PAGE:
Speaking of lucrative, we can colour-code instead by the average prices of the properties inside each 1o arcsecond square. London property prices have forced me to resort to a logarithmic scale, due to some areas reaching average prices of £10 million or more. Below I’ve capped the scale at £3 million, and yet you see parts of Knightsbridge and Belgravia bumping against and over this limit.

Prices are obviously high in the centre, but also significantly high in a wedge to the south west towards Richmond Park and beyond. Local hot spots are observed near parks (white spaces here), and near to some rail stations like Upminster in the east. We can again differentiate on property type as plotted below, where I haven’t used a logarithmic scale but the colour map is the same across plots.PricesByType

You’re going to suffer a jump in price as you move up property categories, and the premium for living centrally increases accordingly. Let’s get a little more quantitative – ignoring location now, I just plot the price distribution function.PriceDistribution

There is a general trend of prices peaking in the low £100,000s, and decaying away. Unfortunately some of the details of house pricing comes into play here, with big peaks at £250,000 and £500,000 just below the thresholds for stamp duty increases. There are other peaks at multiples of £50,000 complicating the plot and making patterns difficult to see, probably due to estate agents rounding up.  Instead, let’s plot the cumulative distribution functions for 2009 and 2014, which smooth out these noisy peaks.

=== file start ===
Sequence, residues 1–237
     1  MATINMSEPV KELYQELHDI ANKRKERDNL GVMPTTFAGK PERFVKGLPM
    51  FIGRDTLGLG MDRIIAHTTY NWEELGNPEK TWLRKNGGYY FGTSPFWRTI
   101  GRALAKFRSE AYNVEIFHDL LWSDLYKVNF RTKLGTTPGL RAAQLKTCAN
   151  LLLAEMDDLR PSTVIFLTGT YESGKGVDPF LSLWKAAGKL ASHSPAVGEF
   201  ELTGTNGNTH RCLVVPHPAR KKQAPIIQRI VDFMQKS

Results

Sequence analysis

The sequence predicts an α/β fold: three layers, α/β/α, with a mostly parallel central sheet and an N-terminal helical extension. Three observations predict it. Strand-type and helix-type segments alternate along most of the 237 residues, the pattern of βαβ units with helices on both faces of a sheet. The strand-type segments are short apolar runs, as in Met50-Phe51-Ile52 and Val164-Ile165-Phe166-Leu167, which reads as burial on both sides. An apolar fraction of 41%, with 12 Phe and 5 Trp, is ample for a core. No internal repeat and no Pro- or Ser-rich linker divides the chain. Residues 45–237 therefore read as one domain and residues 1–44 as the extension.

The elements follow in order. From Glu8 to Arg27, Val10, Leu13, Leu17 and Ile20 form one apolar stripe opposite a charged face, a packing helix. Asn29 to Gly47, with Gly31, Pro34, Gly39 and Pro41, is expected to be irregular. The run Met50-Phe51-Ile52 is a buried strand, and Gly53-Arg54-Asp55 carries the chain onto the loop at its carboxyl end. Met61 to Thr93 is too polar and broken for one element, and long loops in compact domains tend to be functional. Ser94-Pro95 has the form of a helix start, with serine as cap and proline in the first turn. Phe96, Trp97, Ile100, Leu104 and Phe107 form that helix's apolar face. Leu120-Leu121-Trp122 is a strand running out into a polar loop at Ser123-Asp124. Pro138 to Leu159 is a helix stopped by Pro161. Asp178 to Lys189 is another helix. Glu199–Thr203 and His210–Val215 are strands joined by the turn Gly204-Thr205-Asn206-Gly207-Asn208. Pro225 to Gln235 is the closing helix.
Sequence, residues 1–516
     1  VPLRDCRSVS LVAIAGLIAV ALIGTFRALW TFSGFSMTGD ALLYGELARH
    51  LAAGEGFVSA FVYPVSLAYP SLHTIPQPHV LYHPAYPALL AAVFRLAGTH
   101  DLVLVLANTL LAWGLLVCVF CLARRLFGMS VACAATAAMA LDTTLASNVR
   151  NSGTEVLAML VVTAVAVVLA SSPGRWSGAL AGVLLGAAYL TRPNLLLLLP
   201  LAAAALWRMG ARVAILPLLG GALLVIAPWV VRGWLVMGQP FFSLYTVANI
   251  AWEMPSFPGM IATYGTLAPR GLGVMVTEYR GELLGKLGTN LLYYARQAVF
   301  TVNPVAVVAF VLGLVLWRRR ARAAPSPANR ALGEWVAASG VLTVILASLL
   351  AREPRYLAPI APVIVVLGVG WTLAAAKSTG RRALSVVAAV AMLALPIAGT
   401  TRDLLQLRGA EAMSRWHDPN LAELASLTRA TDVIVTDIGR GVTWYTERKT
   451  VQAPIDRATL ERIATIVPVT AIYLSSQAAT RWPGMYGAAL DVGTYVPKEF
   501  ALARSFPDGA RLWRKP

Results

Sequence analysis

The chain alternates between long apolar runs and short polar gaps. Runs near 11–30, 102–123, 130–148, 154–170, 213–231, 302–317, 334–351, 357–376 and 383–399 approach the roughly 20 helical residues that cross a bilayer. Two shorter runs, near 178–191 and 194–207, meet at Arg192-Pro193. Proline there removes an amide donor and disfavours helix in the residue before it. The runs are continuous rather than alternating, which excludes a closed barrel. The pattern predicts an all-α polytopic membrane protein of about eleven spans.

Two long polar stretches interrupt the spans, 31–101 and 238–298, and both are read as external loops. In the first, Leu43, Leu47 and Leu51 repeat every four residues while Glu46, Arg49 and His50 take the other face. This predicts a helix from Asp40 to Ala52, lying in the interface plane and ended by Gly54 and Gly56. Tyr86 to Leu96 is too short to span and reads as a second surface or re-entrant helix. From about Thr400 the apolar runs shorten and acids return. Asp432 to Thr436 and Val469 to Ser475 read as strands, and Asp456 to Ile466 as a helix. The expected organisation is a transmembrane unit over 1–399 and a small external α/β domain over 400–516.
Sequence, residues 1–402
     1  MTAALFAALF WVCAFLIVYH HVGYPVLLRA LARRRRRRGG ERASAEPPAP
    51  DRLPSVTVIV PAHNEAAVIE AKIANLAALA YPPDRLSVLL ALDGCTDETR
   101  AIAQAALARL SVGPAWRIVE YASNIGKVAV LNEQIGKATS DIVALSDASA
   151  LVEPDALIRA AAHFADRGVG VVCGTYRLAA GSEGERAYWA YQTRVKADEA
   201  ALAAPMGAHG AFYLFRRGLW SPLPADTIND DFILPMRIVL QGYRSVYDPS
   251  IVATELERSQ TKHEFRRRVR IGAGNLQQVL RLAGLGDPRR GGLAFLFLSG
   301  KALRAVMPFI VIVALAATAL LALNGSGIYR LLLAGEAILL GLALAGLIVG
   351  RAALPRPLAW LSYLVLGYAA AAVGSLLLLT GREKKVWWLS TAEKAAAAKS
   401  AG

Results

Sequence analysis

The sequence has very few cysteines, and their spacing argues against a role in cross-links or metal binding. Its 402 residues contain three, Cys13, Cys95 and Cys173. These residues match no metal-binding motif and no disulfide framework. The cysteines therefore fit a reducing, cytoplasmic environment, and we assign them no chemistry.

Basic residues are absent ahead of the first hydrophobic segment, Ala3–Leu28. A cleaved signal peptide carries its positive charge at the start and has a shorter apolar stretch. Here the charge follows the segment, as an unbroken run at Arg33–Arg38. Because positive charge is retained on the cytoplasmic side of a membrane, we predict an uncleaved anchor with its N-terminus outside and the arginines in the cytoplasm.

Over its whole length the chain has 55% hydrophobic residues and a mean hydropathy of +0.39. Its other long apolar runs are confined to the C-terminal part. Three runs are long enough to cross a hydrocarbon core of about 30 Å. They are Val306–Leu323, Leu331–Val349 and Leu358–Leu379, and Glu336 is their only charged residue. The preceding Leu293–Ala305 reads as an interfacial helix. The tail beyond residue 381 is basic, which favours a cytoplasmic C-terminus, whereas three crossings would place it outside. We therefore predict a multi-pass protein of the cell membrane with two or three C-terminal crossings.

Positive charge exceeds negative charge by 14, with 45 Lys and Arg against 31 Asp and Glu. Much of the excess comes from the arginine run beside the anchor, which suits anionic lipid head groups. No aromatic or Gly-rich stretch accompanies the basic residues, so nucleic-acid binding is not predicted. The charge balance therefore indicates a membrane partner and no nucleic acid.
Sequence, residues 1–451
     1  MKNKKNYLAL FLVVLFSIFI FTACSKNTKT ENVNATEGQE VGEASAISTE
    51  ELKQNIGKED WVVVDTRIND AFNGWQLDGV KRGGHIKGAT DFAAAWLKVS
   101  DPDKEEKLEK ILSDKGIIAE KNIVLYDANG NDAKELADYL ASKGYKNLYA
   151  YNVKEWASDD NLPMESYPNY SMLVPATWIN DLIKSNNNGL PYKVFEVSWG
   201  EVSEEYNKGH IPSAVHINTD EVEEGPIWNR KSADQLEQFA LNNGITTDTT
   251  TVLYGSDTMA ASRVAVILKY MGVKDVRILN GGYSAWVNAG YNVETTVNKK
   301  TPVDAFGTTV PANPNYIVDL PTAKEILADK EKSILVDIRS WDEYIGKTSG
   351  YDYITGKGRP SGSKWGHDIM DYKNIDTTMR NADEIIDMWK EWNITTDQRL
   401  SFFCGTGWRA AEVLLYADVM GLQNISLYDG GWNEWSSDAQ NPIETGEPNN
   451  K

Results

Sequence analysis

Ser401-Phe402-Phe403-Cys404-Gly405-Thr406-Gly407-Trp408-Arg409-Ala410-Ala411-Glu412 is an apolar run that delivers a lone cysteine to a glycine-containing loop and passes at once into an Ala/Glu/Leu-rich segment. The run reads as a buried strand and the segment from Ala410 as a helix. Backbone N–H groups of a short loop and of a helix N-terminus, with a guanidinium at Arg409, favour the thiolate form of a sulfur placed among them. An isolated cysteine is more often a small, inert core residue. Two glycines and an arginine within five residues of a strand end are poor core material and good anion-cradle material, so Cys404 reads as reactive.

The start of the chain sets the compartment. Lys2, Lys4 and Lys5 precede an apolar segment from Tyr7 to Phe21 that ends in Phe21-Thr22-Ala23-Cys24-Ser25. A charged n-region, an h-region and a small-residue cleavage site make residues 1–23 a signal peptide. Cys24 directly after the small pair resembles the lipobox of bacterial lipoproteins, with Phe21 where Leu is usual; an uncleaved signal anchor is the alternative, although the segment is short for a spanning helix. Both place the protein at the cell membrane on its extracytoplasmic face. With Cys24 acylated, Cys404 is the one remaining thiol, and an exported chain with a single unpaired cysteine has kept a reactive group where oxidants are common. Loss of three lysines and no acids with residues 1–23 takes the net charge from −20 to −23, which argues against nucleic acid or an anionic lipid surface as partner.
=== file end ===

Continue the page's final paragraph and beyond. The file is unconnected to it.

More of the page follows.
Now this plot is a little complicated, I’ll explain. For each property type there are two curves – one for 2009 and one for 2014. The region inbetween is filled, and marks the change in price distribution function from 2009 to 2014. If you want to find the change in median price, start at 50% on the y-axis, and move from left to right across the coloured region. This is indicated with the arrows below, where I’ve written the median prices in 2009 and 2014. It’s immediately clear that detached properties have somewhat appropriately detached themselves from the rest of the market, selling for more than double the prices of other properties.